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of renown. The fame of Sappho has a more stable basis. Her work
was in the world's possession for not far short of a thousand years—a
thousand years of changing tastes, searching criticism, and familiar
use. It had to endure the wear and tear of quotation, the commonizing
touch of the school and the market-place. And under this test its glory
grew ever more and more conspicuous. Through those thousand
years poets and critics vied with one another in proclaiming her verse
the one unmatched exemplar of lyric art. Such testimony, even
though not a single fragment remained to us from which to judge her
poetry for ourselves, might well convince us that the supremacy
acknowledged by those who knew all the triumphs of the genius of
old Greece was beyond the assault of any modern rival. We might
safely accept the sustained judgment of a thousand years of Greece.
Fortunately for us, however, two small but incomparable odes and a
few scintillating fragments have survived, quoted and handed down in
the eulogies of critics and expositors. In these the wisest minds, the
greatest poets, and the most inspired teachers of modern days have
found justification for the unanimous verdict of antiquity. The tributes
of Addison, Tennyson, and others, the throbbing paraphrases and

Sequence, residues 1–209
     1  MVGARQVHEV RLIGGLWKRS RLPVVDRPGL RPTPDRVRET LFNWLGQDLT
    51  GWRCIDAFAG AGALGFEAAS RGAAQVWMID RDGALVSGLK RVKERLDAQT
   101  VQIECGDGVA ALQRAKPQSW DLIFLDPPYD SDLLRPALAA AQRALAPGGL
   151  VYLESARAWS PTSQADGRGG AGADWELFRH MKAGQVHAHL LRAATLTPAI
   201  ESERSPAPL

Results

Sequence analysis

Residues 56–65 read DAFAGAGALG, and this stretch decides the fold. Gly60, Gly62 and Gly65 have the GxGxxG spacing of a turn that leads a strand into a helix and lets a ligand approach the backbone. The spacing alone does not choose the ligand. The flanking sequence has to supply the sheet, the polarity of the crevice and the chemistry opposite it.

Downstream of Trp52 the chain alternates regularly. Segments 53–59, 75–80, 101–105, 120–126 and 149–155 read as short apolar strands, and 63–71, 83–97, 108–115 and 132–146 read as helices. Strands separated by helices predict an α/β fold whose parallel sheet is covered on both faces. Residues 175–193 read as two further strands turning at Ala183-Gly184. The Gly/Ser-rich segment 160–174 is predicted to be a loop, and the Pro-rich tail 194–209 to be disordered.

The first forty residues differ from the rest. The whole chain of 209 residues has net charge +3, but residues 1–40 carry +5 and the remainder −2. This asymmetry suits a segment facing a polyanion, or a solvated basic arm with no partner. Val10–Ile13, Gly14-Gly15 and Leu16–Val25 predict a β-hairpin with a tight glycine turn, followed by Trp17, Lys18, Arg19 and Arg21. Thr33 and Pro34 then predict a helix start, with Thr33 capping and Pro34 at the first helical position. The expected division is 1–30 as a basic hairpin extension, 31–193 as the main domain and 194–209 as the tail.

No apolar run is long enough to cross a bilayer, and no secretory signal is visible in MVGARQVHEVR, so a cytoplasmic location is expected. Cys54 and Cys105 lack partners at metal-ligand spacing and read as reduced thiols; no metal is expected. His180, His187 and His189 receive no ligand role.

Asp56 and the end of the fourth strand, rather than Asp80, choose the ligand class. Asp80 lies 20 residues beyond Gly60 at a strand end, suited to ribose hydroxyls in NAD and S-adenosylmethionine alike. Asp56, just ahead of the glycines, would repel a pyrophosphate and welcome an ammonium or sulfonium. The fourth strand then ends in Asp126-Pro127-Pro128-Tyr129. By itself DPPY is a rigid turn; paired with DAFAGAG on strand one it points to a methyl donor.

ecstatic interpretations of Swinburne, are too well known to call for
special comment in this brief note; but the concise summing up of her
genius by Mr. Watts-Dunton in his remarkable essay on poetry is so
convincing and illuminating that it seems to demand quotation here:
"Never before these songs were sung, and never since did the
human soul, in the grip of a fiery passion, utter a cry like hers; and,
from the executive point of view, in directness, in lucidity, in that high,
imperious verbal economy which only nature can teach the artist, she
has no equal, and none worthy to take the place of second."
The poems of Sappho so mysteriously lost to us seem to have
consisted of at least nine books of odes, together with epithalamia,
epigrams, elegies, and monodies. Of the several theories which have
been advanced to account for their disappearance, the most plausible
seems to be that which represents them as having been burned at
Byzantium in the year 380 Anno Domini, by command of Gregory
Nazianzen, in order that his own poems might be studied in their
stead and the morals of the people thereby improved. Of the efficacy
of this act no means of judging has come down to us.